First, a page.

Man of Steele: Reivers’ 1B is tournament MVP
Keaton Steele was so nervous Friday night he was hyperventilating and had trouble getting to sleep.
Saturday morning, the Iowa Western Community College sophomore couldn’t eat breakfast.
“One of our pitchers kind of talked me off the ledge,” Steele said, exaggerating, but just a bit. “I was pretty nervous. I went out to breakfast this morning with my dad. I ate like a half of a pancake. I couldn’t eat. My teammates and coaches told me to work out. I tried to work out some anxiety and stress.”
Sophomore pitcher and friend A.J. Gaura was with him last night and tried to calm Steele down.
“We call him the old man because he’s in bed by 10 o’clock every night,” Gaura said. “He was up until 1 o’clock in the morning. He was nervous. All I could do was smile and tell him it’s going to be all right. The sun’s going to come up tomorrow win or lose.”
Steele did more than calm down. He gave Iowa Western a spark.
The sophomore from St. Joseph, Mo., went 2 for 2 with a two-run home run, three RBI and picked up the save in relief to earn the Preston Walker MVP award in the 2012 Alpine Bank Junior College World Series. The Reivers rallied to defeat San Jacinto (Texas) College-North 6-5 on Saturday night at Suplizio Field.
“I talk to all my kids about deserving,” Iowa Western coach Marc Rardin said. “It doesn’t mean we were deserving to win this, but you do the right thing all the time. Keaton Steele does that. For two years he has been the first one to the ballpark, even when he was on the DL, the first one there, he thrives on it.”
Steele missed most of the 2011 season with a shoulder injury.
“I heard all the stories about the guys in 2010 that won it,” Steele said. “I wanted that so bad. After I got hurt, I knew I had to wait a while. I texted coach Rardin in the summer and told him I wanted a ring.”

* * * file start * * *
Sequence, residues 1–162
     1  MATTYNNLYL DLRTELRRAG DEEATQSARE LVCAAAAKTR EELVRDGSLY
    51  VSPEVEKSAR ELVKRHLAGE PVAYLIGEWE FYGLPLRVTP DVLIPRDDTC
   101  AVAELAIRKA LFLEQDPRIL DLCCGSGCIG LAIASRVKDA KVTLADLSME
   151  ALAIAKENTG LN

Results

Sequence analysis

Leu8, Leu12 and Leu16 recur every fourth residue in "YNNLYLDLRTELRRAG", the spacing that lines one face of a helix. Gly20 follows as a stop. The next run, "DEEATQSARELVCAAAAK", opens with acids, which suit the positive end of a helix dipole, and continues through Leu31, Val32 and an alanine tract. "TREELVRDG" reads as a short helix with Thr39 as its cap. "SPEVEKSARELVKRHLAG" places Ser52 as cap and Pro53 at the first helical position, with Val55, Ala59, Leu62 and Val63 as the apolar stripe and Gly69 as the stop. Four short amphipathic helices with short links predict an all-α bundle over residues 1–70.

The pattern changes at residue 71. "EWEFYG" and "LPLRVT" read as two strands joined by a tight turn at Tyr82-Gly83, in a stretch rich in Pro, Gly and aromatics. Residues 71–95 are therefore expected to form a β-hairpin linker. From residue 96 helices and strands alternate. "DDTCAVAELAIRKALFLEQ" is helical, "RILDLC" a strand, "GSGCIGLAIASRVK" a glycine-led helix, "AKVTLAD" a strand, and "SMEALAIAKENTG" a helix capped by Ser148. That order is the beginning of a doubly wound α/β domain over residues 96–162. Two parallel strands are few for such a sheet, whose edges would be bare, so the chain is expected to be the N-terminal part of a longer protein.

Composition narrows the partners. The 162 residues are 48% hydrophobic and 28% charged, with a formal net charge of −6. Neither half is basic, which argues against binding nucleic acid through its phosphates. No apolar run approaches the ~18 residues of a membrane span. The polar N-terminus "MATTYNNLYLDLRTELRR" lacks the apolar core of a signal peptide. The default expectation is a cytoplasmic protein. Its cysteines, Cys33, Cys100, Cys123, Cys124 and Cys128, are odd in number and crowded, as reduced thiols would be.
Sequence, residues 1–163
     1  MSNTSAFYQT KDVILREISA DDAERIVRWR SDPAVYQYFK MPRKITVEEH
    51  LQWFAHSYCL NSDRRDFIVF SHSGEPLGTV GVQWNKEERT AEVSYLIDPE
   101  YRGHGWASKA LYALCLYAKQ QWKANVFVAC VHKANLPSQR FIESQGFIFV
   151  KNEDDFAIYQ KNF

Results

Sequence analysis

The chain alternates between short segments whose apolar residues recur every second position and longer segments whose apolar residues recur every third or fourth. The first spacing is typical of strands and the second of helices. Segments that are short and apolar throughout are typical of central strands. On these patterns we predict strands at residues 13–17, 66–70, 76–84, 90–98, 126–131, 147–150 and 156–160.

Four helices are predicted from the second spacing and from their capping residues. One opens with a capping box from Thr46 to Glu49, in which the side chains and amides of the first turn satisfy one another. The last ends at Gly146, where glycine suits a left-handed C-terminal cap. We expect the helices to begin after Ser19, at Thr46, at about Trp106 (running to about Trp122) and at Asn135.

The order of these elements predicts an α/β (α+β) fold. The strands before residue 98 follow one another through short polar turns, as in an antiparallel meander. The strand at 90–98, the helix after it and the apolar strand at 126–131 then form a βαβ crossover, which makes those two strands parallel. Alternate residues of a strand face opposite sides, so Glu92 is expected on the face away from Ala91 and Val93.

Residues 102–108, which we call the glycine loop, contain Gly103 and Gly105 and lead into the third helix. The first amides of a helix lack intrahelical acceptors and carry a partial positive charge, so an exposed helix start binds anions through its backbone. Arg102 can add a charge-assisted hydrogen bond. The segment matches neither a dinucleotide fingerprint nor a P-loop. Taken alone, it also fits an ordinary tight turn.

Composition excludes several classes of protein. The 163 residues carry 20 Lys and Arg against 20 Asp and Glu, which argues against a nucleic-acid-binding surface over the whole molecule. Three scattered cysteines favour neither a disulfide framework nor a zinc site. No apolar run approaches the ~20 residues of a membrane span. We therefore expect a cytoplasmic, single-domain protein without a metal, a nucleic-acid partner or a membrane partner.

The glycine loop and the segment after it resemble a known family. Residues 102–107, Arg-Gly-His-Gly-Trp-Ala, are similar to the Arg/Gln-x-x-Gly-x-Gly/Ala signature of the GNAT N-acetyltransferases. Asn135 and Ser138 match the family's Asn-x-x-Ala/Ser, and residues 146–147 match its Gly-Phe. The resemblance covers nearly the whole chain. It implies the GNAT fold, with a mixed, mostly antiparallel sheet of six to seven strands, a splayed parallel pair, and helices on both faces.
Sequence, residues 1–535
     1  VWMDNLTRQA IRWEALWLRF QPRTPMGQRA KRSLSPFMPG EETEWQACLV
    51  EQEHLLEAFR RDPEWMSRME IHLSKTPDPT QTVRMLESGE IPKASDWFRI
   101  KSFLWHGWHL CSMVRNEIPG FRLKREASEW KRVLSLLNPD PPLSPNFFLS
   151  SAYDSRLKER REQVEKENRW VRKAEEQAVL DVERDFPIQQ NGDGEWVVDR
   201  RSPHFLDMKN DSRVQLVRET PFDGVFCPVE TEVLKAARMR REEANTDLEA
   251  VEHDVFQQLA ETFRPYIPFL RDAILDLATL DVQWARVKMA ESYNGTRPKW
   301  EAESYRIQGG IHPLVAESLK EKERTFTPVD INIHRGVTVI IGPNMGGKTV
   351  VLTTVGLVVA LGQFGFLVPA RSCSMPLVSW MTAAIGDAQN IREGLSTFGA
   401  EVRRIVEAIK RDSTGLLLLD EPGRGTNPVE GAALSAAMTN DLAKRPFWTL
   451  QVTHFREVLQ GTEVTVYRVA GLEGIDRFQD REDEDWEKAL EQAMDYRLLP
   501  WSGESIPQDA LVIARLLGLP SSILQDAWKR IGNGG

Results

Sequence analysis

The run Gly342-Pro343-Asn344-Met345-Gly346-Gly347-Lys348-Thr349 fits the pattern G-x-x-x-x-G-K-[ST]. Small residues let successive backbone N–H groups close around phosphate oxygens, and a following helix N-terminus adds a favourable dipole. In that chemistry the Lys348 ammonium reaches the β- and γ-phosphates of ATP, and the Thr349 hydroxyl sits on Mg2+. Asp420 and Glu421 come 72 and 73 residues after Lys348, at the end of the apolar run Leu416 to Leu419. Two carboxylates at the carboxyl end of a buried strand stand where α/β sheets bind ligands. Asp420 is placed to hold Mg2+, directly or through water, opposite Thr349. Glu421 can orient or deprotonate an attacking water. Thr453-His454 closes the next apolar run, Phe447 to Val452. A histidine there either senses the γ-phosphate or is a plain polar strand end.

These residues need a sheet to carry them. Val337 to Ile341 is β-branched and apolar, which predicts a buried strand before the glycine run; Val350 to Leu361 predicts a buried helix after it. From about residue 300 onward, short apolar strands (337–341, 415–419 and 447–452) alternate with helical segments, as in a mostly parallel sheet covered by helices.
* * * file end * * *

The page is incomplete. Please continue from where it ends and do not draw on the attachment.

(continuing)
Steele came to Iowa Western as a third baseman, but the Reivers had Damek Tomscha back, but Rardin eventually worked him into a key role.
“We moved him to first; tried to start him (pitching) early in the season and he wasn’t healthy,” Rardin said. “That’s why his numbers were deceiving. I kept telling people, don’t get caught up in that. What he did there at the end is just what he’s done.”
Steele got off to a slow start in the tournament and was hitting .375 entering Saturday’s championship. He finished hitting .444 in five games with four RBI.
His two-run home run in the second inning gave the Reivers an early 2-1 lead, and more importantly got him to relax.
“The same kid that talked me down, A.J. Guara, he said, he’s leaving a first pitch fastball up in the zone, so be looking for it,” said Steele, who hasn’t decided where he’ll play next year. “I’m a fastball hitter. I tried to put a good swing on it.
“Every game, he’s like a scouting guru. He’ll come out and watch the games. He’ll tell me what they’re throwing and how they’re throwing. He’s the steady voice in my head that keeps me sane.”
Steele pitched the bottom of the ninth and retired the side for his second save of the tournament.
“Closing is one of the toughest things to do,” Gaura said. “He’s mentally unbelievable.
“He’s one of those guys that likes to joke around off the field and is all business on the field.”